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A remarkable season for Exeter City

Tuesday 30th May 2017
Exeter City fans descended on Wembley buoyed with optimism, hardly believing they were about to watch their side compete for a place in League One. This shock does not arise from being out of place, for the Grecians boast a talented squad, but stems from a miserable start to the season - a start that saw them rock bottom in November. 

Jack Stacey fires home a 95th-minute scorcher. The right-back cut inside on his weaker foot and had the bottle to unleash an unstoppable shot in the most pressurised of environments. It meant City were 3-2 up against Carlisle United in their second leg of the League Two play-off: it also meant Exeter was heading to Wembley. The 6-5 thriller with Carlisle was proof that City belonged to the elite of League Two.

But, none would have predicted this when City was languishing at the foot of the league. There were calls for Paul Tisdale's head - the second longest serving manager in the football league was under unprecedented pressure. Exeter City is a fan-owned club so the calls carried more weight than they normally would. There was a feeling of apathy, that was fast turning into anger, bitterness.
The renowned roar of the Big Bank - the standing section - was subdued, and sitting supporters looked like spectators rather than fans. The mood was hollow, dejected. This despair, however, has enabled the euphoria that pervaded St James Park when City's place in Wembley was confirmed.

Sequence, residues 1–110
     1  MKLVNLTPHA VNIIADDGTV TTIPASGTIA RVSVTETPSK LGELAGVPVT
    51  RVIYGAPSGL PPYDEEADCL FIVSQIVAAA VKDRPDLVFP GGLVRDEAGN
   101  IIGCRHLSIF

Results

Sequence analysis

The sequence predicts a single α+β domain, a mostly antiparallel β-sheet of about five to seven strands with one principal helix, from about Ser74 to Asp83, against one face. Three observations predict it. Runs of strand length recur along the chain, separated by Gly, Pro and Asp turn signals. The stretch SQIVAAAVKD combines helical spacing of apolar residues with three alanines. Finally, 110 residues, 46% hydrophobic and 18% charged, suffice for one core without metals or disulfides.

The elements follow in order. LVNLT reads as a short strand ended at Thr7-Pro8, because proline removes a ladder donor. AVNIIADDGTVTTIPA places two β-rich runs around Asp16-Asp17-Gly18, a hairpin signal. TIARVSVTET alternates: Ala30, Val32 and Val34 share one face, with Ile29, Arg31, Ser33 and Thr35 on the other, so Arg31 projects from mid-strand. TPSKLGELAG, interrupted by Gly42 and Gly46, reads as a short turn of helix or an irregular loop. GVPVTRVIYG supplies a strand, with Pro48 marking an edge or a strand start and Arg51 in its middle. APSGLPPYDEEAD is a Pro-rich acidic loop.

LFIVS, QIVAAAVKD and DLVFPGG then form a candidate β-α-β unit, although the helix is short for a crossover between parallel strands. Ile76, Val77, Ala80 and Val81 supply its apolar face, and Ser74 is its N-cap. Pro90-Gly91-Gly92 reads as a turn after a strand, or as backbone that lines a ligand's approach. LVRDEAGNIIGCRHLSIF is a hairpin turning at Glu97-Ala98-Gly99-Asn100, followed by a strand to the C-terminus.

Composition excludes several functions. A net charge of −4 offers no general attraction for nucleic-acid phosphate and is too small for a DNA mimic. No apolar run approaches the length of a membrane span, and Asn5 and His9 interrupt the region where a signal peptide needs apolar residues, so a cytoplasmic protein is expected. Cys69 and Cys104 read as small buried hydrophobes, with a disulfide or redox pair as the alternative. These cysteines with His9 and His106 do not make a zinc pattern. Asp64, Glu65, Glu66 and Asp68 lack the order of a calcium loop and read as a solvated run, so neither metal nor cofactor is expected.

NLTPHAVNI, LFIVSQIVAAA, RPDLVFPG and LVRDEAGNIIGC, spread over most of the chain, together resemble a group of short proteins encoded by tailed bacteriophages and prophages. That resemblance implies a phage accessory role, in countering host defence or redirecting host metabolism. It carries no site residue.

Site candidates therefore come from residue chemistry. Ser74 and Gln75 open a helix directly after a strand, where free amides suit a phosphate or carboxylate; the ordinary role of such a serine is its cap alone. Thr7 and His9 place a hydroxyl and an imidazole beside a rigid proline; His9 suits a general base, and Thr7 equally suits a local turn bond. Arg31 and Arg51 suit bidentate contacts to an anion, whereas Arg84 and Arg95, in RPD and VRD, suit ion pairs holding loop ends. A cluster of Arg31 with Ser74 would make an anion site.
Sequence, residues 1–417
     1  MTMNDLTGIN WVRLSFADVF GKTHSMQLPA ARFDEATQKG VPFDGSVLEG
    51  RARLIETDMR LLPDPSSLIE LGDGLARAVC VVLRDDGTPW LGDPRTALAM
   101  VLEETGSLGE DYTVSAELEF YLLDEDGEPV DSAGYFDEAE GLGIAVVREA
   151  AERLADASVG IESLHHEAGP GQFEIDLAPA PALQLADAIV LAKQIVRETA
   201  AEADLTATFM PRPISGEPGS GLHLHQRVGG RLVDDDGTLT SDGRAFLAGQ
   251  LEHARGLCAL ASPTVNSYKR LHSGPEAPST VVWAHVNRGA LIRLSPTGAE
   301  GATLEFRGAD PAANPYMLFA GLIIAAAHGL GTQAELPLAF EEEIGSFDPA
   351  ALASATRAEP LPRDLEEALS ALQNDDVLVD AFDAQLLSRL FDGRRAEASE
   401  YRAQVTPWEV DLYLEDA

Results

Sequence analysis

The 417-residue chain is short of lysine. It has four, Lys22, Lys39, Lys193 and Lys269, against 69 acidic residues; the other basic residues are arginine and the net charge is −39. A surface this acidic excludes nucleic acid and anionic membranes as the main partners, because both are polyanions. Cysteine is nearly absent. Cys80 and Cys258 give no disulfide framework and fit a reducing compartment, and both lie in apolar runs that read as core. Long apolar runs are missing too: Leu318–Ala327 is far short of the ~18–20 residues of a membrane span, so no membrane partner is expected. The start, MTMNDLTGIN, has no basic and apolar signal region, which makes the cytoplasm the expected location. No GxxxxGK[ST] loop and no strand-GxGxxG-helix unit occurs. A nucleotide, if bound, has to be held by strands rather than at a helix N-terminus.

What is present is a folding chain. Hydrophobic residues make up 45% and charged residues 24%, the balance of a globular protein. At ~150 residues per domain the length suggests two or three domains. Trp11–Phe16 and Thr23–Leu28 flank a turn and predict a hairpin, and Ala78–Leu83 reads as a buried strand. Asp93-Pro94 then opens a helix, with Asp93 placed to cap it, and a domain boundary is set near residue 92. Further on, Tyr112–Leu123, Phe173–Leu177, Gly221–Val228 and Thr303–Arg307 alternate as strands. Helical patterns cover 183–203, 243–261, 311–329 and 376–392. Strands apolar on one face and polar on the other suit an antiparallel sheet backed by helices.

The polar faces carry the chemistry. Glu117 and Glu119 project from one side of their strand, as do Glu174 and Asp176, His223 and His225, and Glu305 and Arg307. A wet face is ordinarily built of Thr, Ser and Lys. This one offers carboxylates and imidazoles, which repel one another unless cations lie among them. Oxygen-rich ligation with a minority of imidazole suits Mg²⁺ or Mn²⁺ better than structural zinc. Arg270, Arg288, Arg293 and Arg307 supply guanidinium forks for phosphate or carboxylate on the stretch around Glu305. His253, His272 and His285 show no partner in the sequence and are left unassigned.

A 13 match unbeaten streak in the league saw Exeter City rise from the depths to the tops. It was a remarkable run, where they won 11 and drew two, and saw them even knock on the door of automatic promotion. It is a testament to the fine balance on which this league is hung; a 4-1 victory over fellow relegation strugglers Newport County triggering a Lazarus-like revival.

David Wheeler scored in seven straight games; starlet Ollie Watkin's shone brighter; City's defence stood firmer; the crowd united, connected by a disbelief turned into hope - optimism.

For City's story is one of resistance and perseverance. Refusing to buckle and accept their fate, spurred on by a manager in Tisdale who shares a relationship with his players - the stoic resolve filtering out of Exeter was intoxicating. Grecians were drunk on the dream of promotion; the nightmare of relegation forgotten and discarded.

When Exeter City stepped out onto the lush green at Wembley, they knew they have an edge over Blackpool Town. Blackpool has been through turmoil, revolt and countless other trauma, but City was facing impending relegation. Blackpool's fight back deserves plaudits, but the Grecians' unapologetic defiance of exiting the football pyramid will have been a source of inspiration - unfortunately for Grecians, it was not enough.

It is this determination and resolve that kept the travelling fans believing until the final minute. Exeter has made a habit of scoring late goals; City was 3-0 down in the 88th minute against Yeovil in March, but three goals in five minutes saw them bounce back to 3-3. City twice trailed, but twice responded with renewed vigour, falling at the final hurdle.

The Grecians story is surely one of the stories of the season.
Michael Jones

Football & political writer with a predictable love of everything retro. English Literature undergraduate at the University of Exeter, looking to pursue a career in sports journalism. For a collection of my work, visit. http://mikejonesmedia.wordpress.com

Follow me on twitter: @jonesmichael_97

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